Home | Blog | Enneagram – Leadership: An Interview with Bart Wendell, Ph.D.

Enneagram – Leadership: An Interview with Bart Wendell, Ph.D.

 

When Bart Wendell – a seasoned business consultant, meeting facilitator, and Senior Member of the Enneagram in Business Network – told me he was writing a leadership-meeting-Enneagram book, I could hardly wait for its arrival. Hot Leaders; Cool Facilitators: Learning to Lead One Meeting at a Time is a great book, so I decided to interview Bart about it for my blog. Here it is!

Question: With so many leadership books available and your very busy consulting schedule, what made you decide to take time to write this book?

Bart: Meetings are fascinating, ripe with great possibilities! But I became continually frustrated watching potentially great leaders display such a lack of competence that they actually sucked energy from meetings, even though this is not their intention. Just like parents who get no preparation for parenting; so leaders get no preparation for leading meetings.

My intention was to fill the middle ground between books on meeting management and books that focus on theories of organizational leadership and describe what great organizational leadership actually looks like in a meeting.

Question: This is a leadership book; why include the Enneagram?
Bart: I wasn’t going to include the Enneagram originally, though I do love the Enneagram and find it immensely helpful. But then I realized that leadership is about bringing the right focus to the right things at the right time. And it is hard to do this consistently and persistently. To accomplish this, leaders have to have access to all energies: the Head, Heart, and Gut. They also have to take the temperatures of these three energies, and this is much harder to do without the Enneagram. With the Enneagram, leaders can more easily tap into their Head, Hearts, and Guts.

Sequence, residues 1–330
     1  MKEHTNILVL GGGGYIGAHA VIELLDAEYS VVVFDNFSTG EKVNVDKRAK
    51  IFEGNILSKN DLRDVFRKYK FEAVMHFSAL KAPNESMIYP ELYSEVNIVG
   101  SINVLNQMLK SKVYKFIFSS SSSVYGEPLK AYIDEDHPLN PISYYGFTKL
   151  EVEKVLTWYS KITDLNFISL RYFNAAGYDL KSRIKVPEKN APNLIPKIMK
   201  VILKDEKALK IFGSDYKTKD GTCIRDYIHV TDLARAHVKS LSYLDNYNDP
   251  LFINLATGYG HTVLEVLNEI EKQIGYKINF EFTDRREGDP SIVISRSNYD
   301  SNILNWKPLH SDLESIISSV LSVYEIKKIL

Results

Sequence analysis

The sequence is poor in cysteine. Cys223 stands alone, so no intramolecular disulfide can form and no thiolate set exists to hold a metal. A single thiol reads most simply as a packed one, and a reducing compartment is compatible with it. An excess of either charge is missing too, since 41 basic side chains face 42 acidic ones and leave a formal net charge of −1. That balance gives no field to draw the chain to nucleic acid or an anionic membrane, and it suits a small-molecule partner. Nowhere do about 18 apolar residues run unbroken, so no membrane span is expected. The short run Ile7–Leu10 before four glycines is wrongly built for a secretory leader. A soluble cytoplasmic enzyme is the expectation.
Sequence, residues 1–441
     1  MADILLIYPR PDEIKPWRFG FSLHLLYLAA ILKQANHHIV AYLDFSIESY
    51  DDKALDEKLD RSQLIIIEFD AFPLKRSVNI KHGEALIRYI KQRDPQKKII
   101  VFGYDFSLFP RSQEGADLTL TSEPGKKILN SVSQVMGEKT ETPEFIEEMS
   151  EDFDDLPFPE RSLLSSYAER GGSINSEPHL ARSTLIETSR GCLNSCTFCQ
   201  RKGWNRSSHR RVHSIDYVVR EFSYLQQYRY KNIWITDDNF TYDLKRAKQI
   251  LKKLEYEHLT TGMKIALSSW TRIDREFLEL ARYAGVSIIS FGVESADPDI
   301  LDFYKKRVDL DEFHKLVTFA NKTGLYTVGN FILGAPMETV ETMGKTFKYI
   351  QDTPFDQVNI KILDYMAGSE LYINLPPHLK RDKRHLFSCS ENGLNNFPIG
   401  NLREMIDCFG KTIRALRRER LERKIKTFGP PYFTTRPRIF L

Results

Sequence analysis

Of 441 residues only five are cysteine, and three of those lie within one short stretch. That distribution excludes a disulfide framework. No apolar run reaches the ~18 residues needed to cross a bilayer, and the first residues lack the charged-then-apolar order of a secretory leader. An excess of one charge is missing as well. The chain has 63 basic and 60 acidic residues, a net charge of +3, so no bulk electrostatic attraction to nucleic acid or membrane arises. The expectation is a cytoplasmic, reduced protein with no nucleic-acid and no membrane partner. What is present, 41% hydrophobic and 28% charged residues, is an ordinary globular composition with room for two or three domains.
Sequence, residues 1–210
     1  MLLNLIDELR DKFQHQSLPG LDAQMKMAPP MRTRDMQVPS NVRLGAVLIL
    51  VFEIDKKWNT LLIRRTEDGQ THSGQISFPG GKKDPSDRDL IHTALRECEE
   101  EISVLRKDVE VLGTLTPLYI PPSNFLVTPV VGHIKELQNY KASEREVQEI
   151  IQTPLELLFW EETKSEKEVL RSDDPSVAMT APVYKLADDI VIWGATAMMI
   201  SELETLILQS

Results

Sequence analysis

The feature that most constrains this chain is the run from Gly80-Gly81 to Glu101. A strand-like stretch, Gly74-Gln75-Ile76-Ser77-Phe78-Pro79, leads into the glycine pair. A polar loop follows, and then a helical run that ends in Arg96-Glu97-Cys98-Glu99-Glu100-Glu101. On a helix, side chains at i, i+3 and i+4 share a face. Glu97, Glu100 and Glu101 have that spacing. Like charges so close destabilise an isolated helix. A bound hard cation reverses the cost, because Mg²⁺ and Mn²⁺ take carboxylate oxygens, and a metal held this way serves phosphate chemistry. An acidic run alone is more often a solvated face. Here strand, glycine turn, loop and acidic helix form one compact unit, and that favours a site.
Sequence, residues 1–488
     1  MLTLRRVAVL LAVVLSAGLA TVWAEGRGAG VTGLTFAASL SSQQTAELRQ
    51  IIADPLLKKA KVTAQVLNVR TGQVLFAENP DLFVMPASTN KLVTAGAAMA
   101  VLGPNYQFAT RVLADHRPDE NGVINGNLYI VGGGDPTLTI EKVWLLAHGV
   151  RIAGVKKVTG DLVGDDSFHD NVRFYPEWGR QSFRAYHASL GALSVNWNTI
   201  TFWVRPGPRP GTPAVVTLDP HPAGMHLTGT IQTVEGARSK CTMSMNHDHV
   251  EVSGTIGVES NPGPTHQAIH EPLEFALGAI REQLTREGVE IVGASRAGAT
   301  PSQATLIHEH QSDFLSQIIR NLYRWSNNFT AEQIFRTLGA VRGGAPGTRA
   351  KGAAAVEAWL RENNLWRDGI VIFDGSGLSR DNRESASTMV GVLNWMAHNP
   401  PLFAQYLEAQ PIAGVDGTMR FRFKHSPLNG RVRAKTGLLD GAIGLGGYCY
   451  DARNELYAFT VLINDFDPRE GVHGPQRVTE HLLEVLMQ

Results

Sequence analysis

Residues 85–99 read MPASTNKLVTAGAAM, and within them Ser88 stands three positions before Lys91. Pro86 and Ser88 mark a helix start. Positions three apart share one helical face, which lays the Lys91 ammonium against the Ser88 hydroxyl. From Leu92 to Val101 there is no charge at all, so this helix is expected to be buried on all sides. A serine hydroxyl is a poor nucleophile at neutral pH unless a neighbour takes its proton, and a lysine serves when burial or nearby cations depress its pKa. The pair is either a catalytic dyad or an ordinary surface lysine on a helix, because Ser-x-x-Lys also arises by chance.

Gut Energy

The Gut energy is hot. Hot energy drives for results. It says, “Let’s go. Everybody in the truck! I’m driving!” However, this kind of energy doesn’t pay attention to bumps in the road or worry about a possible cliff ahead, but it does get you someplace different from where you started.

Head Energy

The Head energy is cool. It provides perspective, checking in on progress and dates. Cool energy asks if this is the right truck for the right road, and do we have the right products in the back of the truck? Of course, in the meanwhile the products are becoming stale and out of date, but the thoughtful analysis continues.

Heart Energy

The Heart energy is warm. It provides vision, commitment, and asks questions like these: What do we really want and what can we truly commit to? Essentially, Heart energy is about caring. Using only the Head (cool) and Gut (hot) without the Heart (warm) is half-hearted thinking and action. Hot and cool energies are voracious momentum seekers; with hot and cool leaders, the more they get, the more they want. And warm energy is ephemeral; it comes and goes quickly, is sensitive to temperature, and can get overshadowed.

Question: What, in your opinion, makes a great leader?
Bart: Hot, cool, and warm! That’s it. Leadership is about motivating people to wish to do the right thing more than once, helping access energy and motivation they didn’t know they had. It’s about accessing and using these three energies: understanding (Head), acting (Gut) and caring (Heart)!

Question: Can you give 3 words of sage advice on leadership development?
Bart:

Honesty – knowing yourself and being honest with self

Focus – being mindful of where you are, being able to bring your energies in line with your intentions

Reading Others – being able to accurately sense other peoples’ temperatures, helping them recalibrate 

Question: If you had one main message to give leaders about leadership and about the Enneagram, what would that be?

Bart: It’s the hunt, not the capture, that’s important. What’s important about the Enneagram is trying to figure out what type you are yourself  – to be curious about yourself – which doesn’t happen when you find your type in two minutes.  Knowing your type is helpful because a whole window of learning opens up about yourself, but the process is always far more important than the destination.

Thanks, Bart! 

Bart Wendell, Ph.D. is a business consultant, psychologist, past Vice President of the International Enneagram Association, and author of Hot Leaders; Cool Facilitators: Learning to Lead One Meeting at a Time. bwendell@wendellleadership.com

0 0 vote
Article Rating
Subscribe
Notify of
guest
0 Comments
Inline Feedbacks
View all comments
0
Would love your thoughts, please comment.x
()
x
X